The transitional kitchen blends the old with the new and adds a touch of creativity to create a flexible gathering place.
If you're looking for a design that is open to interpretation, if you prefer to ignore the rules, if you just like what you like, then you might like the transitional kitchen design. It's all of that and more.
It's also hard to define.
"It's anything you want it to be and in-between," says Fred Puksta, who works in product development at Crown-Point Cabinetry out of New Hampshire. He says the company carries a new transitional cabinetry design that is modular in shape but can be dressed out any way you prefer, blending modern innovation with classic design.
Because it may be difficult to pin down a definition, this style is said to be transitioning, on the move or going somewhere. People are often reminded of something familiar when they see it, but they can't quite place it.
"Specifically, the style may reference details from the past, but there must be something new that makes it fresh and updated," Puksta says, but it's not "stark, contemporary or futuristic."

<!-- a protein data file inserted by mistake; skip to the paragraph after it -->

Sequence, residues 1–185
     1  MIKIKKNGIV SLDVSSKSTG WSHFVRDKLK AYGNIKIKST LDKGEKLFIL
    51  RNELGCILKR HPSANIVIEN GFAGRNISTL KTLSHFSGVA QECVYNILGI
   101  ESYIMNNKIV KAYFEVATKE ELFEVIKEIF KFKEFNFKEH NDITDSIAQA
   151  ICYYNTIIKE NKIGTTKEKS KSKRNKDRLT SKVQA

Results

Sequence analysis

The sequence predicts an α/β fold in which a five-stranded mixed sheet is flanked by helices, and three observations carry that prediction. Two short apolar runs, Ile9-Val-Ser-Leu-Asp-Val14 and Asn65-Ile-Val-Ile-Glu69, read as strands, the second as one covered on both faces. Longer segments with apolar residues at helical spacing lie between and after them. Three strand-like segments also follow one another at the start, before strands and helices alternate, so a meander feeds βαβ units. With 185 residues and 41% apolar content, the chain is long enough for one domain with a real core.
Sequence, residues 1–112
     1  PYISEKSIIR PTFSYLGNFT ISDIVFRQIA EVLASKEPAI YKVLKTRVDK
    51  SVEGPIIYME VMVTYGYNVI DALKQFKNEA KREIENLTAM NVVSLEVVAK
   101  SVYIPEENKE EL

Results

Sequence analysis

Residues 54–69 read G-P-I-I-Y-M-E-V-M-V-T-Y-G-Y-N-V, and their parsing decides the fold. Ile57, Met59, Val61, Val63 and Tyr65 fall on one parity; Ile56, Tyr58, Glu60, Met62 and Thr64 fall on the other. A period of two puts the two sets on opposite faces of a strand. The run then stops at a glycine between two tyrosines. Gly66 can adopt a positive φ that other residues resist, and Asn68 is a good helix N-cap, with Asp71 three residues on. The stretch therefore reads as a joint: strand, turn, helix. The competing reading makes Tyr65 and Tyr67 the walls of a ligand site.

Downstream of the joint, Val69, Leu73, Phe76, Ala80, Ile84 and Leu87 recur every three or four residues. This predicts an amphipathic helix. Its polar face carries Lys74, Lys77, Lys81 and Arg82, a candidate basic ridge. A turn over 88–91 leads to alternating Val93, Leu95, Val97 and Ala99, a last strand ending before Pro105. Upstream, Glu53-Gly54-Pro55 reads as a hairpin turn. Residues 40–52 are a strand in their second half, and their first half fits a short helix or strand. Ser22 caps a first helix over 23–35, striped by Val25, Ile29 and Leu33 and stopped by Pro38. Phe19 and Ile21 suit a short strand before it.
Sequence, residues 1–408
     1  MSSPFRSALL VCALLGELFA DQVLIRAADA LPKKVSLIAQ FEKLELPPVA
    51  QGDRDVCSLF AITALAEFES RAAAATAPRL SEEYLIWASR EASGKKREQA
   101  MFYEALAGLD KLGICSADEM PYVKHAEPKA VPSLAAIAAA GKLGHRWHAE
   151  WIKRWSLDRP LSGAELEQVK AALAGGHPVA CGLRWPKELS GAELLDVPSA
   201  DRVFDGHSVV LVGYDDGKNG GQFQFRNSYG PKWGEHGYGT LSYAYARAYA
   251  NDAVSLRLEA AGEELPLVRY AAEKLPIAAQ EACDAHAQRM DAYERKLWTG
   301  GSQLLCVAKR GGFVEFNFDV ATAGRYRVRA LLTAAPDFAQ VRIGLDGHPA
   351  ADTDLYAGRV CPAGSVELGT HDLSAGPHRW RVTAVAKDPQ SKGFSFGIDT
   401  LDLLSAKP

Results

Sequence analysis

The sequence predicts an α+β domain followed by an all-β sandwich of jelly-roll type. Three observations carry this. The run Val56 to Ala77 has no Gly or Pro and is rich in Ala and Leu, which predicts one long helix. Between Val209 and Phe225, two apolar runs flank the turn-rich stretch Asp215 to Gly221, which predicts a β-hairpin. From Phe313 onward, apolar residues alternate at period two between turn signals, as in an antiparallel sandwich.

Transitional designs are a way to break away from traditional design style rules, says Michigan-based Kathy Hoffman, an interior designer who works with Susan Fredman & Associates, which has its headquarters in Chicago.
One way to do that is to combine finishes, she says. You can have an all-white kitchen, for example, but mix the finishes and details.
What you're doing is blending the old with the new, and adding a playfulness to the design, Hoffman says.
"It takes a bit more creativity and adventure to create your own transitional style than to comfortably conform to a pre-existing historical style," Puksta says.
It can fit any style of home. You can't get that same type of flexibility with other styles, he says. "For instance, Arts and Crafts is Arts and Crafts, and it seems to marry more strongly to some houses versus others," Puksta explains. Transitional designs can go anywhere.
If you're unsure if it's right for you, try playing around with it in the bathroom first, says Hoffman, "That's a great place to experiment with found items that scream unexpected."
How to Get This Look
To achieve this look, try these ideas: